But the real fun takes place that evening, when the duke and duchess are scheduled to attend the Calgary Stampede, the world's largest rodeo -- including a bull-riding demonstration and a chuckwagon race. The next morning, they are to kick off the Calgary Stampede Parade, the second largest parade in the world, and travel in the motorcade.
That afternoon, the royals are scheduled to say farewell to Canada and hello to Hollywood.
Coming to America
The duke and duchess' short weekend jaunt to Los Angeles is seen as a working visit, not a time to mix with celebrities.
"The palace is really playing down any big introductions to A-list stars," ABC News royal correspondent Katie Nicholl said on "Good Morning America." "These tours are fun but hard work. It's really about forging ties between America and Great Britain."
That said, the couple's itinerary calls for them to hit the ground running, soon after their arrival into the Los Angeles airport July 8. The first thing on their agenda is an evening business event at the Beverly Hilton Hotel supporting U.K. trade and investment and shaking hands with California politicians and other high-profile figures. That's followed by a reception at the British Consular-General residence in Hancock Park.
On July 9, the duke is expected to play in a charity polo match at the Santa Barbara Polo Club to benefit the American Friends of the Foundation of Prince William and Prince Harry, while the duchess gives out the prizes.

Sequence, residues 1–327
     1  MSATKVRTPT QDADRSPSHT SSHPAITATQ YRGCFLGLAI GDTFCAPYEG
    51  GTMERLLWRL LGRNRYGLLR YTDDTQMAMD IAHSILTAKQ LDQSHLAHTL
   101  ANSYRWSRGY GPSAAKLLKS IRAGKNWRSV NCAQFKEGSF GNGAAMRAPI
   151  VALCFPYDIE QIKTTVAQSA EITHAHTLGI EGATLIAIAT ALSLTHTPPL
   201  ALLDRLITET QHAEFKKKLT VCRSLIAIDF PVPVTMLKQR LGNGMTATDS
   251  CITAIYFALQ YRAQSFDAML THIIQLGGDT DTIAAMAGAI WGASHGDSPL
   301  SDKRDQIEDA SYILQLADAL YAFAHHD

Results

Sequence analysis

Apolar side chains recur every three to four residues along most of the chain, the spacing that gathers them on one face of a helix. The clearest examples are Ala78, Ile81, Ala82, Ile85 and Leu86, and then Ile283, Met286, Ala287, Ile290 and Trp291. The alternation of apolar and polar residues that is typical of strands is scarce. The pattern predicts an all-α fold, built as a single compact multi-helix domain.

That evening, they'll rub shoulders with stars from British television, film and theater at a red carpet, black-tie British Academy of Film and Television Arts dinner at L.A.'s Belasco Theatre. Prince William (who's also the president of BAFTA) will give a speech at the gala, which is focussed on spotlighting emerging British talent and building partnerships between Hollywood and up-and-coming British actors.
Day three begins with more philanthropic work, starting with an event to support Tusk USA, an organization that raises funds for African wildlife. Then they are to visit Inner-City Arts, an L.A. program that helps disadvantaged and homeless children through art. (This engagement is of particular concern to the duchess -- the palace noted that she's "extremely interested in how the arts can help young people unlock their potential.")
On their final afternoon in the States, they are scheduled to attend an event for military veterans and their families at Sony Pictures Studios where they'll help put together care packages.
Then it's back across the pond to Britain for a much-needed rest.